The MoD speakers will present the government’s take on Managing the vehicle bomb threat, looking at principal security requirements, guidelines and considerations to protect against vehicle bombs. The response to alert states and mitigation measures, permanent, semi-permanent and temporary will also be addressed.

Other subjects to be discussed include:

§ Governmental objectives for assisting with counteracting terrorism

§ What needs to be done to safeguard premises?

§ Industry guidelines

§ Bomb blast effects and mitigation

§ Communications and evacuation

§ Using facades for defence

§ Using ventilation systems to reduce the impact of a terrorist attack

§ Predicting contamination routes of airborne and water pollutants

§ Protecting your IT services and ensuring business continuity

§ Designing for security

§ Strategic security policy

The event is also supported by RIBA, the Institution of Structural Engineers and the British Institute of Facilities Management.

For more information, please contact Gemma Haworth, CIBSE, 222 Balham High Road, London, SW12 9BS. Tel: + 44 (0)20 8675 5211 or visit the CIBSE website at www.cibse.org.

Yell.com is supporting the NICEIC with the launch of a Corporate Advertising Scheme, which offers accredited members the chance to promote their services on a dedicated Yell.com page.

When a user searches for an electrician, a new 'CAS' link will appear above the search results. This link will lead to a results page dedicated to the NICEIC. In addition to listing accredited members, Yell.com will also describe the association.

According to research, 86% of Yellow Pages' users said it increased their confidence in the competence of a business if it appeared within a trade association page.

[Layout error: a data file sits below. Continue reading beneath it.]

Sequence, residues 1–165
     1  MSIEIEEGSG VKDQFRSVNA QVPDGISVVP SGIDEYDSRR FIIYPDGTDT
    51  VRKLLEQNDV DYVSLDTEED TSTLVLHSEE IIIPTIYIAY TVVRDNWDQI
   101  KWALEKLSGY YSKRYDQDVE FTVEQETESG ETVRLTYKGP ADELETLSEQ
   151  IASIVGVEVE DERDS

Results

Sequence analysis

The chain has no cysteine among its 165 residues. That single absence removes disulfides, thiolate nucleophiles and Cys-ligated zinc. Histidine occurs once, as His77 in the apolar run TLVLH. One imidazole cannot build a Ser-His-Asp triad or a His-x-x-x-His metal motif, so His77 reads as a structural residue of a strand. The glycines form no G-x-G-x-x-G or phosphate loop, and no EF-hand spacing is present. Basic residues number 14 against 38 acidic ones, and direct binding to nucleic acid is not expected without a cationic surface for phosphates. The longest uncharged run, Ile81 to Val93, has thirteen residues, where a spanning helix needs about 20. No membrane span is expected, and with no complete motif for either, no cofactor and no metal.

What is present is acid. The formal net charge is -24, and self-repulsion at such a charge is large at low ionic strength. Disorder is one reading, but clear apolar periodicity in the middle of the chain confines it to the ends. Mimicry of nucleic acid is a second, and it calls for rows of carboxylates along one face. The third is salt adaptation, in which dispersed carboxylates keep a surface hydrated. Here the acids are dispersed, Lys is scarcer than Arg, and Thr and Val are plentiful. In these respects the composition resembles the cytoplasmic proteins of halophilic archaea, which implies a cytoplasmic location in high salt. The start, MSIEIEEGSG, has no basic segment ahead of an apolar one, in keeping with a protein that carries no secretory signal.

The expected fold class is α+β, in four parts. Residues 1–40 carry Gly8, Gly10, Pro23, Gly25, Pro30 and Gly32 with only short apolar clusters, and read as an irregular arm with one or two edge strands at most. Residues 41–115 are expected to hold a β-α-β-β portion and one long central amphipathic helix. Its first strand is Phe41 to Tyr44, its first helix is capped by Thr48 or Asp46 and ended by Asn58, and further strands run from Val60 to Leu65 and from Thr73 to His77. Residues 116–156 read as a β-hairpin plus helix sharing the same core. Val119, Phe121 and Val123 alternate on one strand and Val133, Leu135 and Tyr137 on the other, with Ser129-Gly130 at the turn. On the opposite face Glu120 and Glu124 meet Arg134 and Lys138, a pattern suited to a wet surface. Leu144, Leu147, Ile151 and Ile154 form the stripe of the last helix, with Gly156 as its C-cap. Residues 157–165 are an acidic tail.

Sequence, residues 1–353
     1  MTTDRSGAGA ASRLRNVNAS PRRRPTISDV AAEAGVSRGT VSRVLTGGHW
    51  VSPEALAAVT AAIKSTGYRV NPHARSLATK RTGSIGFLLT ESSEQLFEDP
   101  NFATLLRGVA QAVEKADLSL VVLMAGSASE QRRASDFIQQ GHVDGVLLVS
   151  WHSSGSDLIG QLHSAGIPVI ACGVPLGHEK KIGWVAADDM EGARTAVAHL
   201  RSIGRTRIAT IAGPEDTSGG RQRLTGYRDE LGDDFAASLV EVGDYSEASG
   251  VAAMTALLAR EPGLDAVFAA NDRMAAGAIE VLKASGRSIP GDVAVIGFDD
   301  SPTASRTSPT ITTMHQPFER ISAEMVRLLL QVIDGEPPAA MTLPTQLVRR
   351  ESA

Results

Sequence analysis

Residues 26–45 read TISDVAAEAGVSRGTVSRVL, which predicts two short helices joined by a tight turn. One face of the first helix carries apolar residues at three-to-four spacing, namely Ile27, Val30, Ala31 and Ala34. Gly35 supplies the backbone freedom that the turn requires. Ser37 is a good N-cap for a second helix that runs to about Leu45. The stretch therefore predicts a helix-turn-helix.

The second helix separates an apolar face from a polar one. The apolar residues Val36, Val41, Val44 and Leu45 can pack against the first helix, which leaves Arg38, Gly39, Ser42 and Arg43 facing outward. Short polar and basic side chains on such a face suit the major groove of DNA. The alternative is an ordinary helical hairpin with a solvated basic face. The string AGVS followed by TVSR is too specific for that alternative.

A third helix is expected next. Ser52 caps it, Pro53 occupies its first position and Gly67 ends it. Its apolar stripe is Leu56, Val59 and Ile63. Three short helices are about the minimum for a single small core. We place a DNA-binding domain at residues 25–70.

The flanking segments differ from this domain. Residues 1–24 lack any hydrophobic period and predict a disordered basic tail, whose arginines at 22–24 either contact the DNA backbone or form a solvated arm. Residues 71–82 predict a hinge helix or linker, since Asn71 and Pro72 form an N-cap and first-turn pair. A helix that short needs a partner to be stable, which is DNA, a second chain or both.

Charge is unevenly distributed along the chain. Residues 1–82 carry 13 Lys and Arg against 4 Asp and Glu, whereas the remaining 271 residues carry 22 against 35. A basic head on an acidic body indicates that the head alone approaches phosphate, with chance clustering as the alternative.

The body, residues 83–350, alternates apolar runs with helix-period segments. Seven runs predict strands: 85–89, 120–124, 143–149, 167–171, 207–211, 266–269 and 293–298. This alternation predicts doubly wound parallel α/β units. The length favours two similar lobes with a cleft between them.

Imperial College London has appointed the Longcross Group as a framework partner for mechanical and electrical engineering services.

In essence, this means Longcross, alongside 16 other contractors, will share out £350m-worth of new-build and refurbishment work on a four-year project commencing in 2004. There is also an option to extend it for a further four years.

The framework agreement is with the college's estates division, which is responsible for all new-build and refurbishment works, building services, infrastructure projects and plant rooms on the college estate, which consists of 25 sites and 190 buildings, ranging from education and sports facilities to accommodation and administrational offices.

Imperial College has put into place a series of non-exclusive framework agreements for building construction services within the college capital works programme. It is understood that more than 100 firms originally applied for the scheme.

"The selection process for the framework agreement was extremely demanding and consisted of assessments in several key areas," said Dean Cronin, director of Longcross Engineering's southern division. "We are delighted to be chosen to become a partnered M&E contractor."

After an 18-year battle, New Zealand's state-owned Industrial Research Ltd (IRL) finally won a legal battle for a US patent to the superconducting material it developed in 1988.

Seven companies filed patent applications for the material but IRL proved it had been originally described and dated by its developer, Dr Tallon, on a greasy brown paper bag in a lunchroom.

IRL's US partner, American Superconductor, is using the material for short lengths of new power lines in New York and China and potential business is estimated at $300m.

Superconducting materials that conduct electricity without resistance have been known for more than 90 years, but initially they required extremely cold temperatures, close to absolute zero (minus 273degs C). The material developed by IRL conducts electricity without resistance at the "high" temperature of minus 163degsC

A series of breakthroughs in the 1980s culminated in the development by IRL's Jeff Tallon, Bob Buckley and Murray Presland of a new "high-temperature" conductor, named BSCCO after its elements bismuth, lead, strontium, calcium, copper and oxygen.

IRL sold an exclusive licence to the material to American Superconductor in 1992, and supplies the US company with components such as magnets and coils on a pilot basis.

It is now forming a new company, HTS-110 (High Temperature Superconductor at 110C above absolute zero), to commercialise these components.

IRL will put up half of the $2m capital, American Superconductor 20% and Neville Jordan's Endeavour Capital fund 30%.